May 05, 2015, 07:18 PM
Registered User
Ah, yes QCA - "The Accidental Airline". Despite what I'm about to tell you, QCA was not called "the Accidental Airline" because it was more accident prone than any other pioneering air service on this glorious coast, but because the airline came into being "by accident", picking up the odd passenger - in the days before regulations - while Jimmy Spilsbury, the "father of QCA", was delivering radio parts to distant fishing vessels, and doing on-the-spot service on the radio sets of his very own manufacture that were installed on those boats.

Jimmy saw the commercial potential in these hitchhikers and picked up a coupla DH89 immediately after WWII. Put them on floats. One day one of them had gone "up the coast" to pick up a coupla nurses returning from a distant logging camp to the throbbing metropolis of Vancouver. Vancouver-bound after having made the pick-up, the pilot was caught by the gathering dusk, and, as everything was VFR on this coast in those days, he dropped the aircraft in a remove inlet where there was what passed for a "hotel" in those days. There was also a quite active "First Nations" fishing community. One of the local lads came in from sea a tad short on fuel for the old Evinrude, so in the morning it was the DH89 that, unbeknownst to the pilot, was a tad short of fuel.

Lumbering along at 500 feet over some remote island covered with primeval forest the engines coughed and quit. The pilot realized that with his L/D there was NO WAY he could reach water, so he did what any sensible bush pilot would do: He brought the aircraft in sort of low and dead slow and aimed the fuselage right between two mighty cedar trees so the wings were wiped off the aircraft and the forward motion was stopped gently, sort of, as the fuse settled to the forest floor. Being obviously smarter than the average bear, our intrepid pilot wrenched the landing light off the tattered wing, got the battery outta the fuse, and set up to use the light as an Aldis lamp. Then he settled down to party with his nurses.

Coupla days later when somebody thot the aircraft shoulda been back in Vancouver's Coal Harbour but wasn't, a search aircraft went out to see what they could see. When our man heard the aircraft he took a break from the partying and managed to flash the search aircraft with his homemade Aldis. The search aircraft reported back to Vancouver, and a coupla days later a boat arrived at the island and took them all back to the metropolis. Such a wonderful rescue called for a continuation of the party at the old Hotel Cecil on Granville Street - drinks on the pilot.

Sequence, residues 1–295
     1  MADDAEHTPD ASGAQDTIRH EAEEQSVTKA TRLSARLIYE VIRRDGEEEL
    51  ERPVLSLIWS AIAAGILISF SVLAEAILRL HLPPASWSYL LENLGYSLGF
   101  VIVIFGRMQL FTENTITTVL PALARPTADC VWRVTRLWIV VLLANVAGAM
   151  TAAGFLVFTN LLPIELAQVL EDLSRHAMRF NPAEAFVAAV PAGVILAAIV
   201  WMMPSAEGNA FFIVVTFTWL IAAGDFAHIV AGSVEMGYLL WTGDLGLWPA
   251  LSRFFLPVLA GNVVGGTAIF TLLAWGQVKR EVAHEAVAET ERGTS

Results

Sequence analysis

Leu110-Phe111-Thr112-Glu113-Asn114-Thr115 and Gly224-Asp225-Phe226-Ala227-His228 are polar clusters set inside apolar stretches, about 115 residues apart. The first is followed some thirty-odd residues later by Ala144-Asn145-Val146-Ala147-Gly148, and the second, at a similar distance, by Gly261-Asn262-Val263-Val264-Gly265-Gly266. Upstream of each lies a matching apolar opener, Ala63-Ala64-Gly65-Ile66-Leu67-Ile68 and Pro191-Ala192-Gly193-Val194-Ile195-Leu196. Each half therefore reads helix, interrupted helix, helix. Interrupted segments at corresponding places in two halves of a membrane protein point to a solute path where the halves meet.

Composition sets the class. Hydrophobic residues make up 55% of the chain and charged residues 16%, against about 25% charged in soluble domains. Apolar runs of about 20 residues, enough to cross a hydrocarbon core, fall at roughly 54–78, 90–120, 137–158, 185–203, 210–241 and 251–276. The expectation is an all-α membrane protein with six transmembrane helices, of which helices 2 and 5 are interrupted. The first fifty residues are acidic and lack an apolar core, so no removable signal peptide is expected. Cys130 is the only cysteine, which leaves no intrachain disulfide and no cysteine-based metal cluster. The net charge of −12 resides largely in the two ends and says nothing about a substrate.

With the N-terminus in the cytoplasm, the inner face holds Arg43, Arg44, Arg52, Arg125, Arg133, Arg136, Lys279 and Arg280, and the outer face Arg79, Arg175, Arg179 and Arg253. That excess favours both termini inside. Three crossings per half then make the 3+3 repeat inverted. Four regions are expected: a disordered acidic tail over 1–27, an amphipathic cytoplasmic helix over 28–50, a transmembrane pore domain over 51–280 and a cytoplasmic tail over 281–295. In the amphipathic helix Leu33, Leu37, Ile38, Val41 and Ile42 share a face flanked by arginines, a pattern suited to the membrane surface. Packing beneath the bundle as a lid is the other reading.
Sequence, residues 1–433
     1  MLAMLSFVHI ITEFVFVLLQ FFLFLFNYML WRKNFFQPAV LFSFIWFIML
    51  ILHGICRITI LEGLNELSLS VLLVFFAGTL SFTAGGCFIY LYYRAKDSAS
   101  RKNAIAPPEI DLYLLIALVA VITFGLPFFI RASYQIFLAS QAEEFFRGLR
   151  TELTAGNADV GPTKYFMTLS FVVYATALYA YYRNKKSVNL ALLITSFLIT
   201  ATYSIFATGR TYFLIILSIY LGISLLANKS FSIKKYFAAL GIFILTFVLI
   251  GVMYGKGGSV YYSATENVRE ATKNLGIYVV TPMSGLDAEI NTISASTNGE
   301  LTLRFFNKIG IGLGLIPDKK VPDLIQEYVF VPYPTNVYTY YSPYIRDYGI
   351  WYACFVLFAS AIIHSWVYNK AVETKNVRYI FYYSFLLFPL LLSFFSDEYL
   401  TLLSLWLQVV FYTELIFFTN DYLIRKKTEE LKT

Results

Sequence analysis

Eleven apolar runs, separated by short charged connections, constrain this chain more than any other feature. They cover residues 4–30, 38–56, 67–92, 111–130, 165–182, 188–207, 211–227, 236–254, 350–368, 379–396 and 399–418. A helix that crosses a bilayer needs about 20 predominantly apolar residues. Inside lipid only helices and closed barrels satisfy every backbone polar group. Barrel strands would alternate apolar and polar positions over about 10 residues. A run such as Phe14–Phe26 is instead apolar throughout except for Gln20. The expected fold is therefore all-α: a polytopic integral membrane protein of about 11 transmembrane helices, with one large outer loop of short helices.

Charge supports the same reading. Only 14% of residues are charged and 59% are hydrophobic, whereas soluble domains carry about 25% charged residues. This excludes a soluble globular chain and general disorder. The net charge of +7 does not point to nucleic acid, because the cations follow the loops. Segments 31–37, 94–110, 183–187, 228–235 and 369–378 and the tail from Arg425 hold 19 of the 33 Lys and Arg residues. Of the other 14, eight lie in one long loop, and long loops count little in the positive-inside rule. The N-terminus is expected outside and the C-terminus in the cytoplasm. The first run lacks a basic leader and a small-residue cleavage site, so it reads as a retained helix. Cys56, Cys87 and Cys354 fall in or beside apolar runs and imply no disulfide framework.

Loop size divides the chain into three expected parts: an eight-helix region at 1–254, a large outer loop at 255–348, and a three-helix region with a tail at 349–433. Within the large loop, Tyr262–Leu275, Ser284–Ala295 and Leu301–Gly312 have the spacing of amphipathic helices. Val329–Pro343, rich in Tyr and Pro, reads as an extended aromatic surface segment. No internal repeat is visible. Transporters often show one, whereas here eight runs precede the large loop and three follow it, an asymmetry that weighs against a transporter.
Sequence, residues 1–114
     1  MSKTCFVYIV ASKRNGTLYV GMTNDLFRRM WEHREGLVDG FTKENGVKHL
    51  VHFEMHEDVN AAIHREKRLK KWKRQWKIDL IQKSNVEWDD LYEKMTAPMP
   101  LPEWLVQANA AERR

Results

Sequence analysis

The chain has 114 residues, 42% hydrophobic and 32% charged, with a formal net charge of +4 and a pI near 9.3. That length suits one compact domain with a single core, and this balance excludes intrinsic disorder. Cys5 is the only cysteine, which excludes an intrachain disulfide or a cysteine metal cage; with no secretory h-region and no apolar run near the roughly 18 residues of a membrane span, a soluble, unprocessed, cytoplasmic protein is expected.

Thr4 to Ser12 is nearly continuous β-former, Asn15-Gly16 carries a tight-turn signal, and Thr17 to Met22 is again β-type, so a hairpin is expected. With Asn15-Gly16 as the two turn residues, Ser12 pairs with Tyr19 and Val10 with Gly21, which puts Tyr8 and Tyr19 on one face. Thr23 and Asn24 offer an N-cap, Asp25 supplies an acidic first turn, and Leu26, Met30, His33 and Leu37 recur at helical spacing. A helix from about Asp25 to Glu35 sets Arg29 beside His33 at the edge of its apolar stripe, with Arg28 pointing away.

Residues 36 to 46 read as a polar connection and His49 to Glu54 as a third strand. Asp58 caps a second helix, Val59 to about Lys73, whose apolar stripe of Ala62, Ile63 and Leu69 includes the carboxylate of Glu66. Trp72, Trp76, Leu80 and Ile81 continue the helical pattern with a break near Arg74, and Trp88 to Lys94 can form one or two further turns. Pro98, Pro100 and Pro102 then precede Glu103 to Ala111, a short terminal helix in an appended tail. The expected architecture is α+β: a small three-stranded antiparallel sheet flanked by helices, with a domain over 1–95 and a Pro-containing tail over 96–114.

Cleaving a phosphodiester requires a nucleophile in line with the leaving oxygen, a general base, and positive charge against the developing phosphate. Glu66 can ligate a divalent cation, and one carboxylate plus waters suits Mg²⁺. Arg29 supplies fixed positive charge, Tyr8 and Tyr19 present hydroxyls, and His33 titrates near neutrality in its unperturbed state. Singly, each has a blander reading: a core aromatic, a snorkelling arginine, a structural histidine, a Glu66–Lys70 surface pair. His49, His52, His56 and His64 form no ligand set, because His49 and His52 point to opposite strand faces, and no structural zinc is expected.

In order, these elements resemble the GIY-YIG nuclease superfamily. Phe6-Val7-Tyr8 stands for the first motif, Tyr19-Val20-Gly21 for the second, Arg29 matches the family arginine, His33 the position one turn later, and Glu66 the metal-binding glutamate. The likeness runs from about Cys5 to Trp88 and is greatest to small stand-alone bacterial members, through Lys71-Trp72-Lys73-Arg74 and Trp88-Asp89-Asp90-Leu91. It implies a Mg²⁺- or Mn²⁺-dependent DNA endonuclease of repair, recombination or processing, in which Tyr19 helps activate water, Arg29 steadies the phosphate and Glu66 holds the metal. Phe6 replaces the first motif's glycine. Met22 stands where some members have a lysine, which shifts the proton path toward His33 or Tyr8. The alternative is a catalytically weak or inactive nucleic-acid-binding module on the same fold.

The aircraft was left where it lay, but I dare say that the wreckage is gone these five and sixty years later. But for the fact that "the Cece" was torn down a dozen years ago the nurses and the pilot might still have been partying there.

Some other day I may tell you about "the Cece" :-)


May 08, 2015, 11:13 PM
parkcityskier's Avatar
Hey Sam, that was an interesting story. Thanks. I have a bit of the feeling for the type of flying that went on, and still does to a certain extent, in the far north so I can believe that the type of things that you describe weren't much off of the norm. I flew an old C-119 for about six months on a contract, all over Alaska, and there were a lot of stories. Great flying, though.

My rendition of the DH89 should be fun but I hope to have more success than the one that you described.

Thanks, Bart. The first half of the top wing is about done so I'll keep plugging away at the airplane until something better comes along--like a new Dornier.

May 09, 2015, 08:43 PM
It's a fine fiddly business.
Robert R's Avatar
Completely and totally subscribed. I love the Dragon Rapide
May 10, 2015, 02:11 PM
71% of the world is runway . .
Bart83's Avatar
Originally Posted by parkcityskier

Thanks, Bart. The first half of the top wing is about done so I'll keep plugging away at the airplane until something better comes along--like a new Dornier.

Funny you mention that . . . cant wait to get building on that one either. PLans are ready for printing . . . .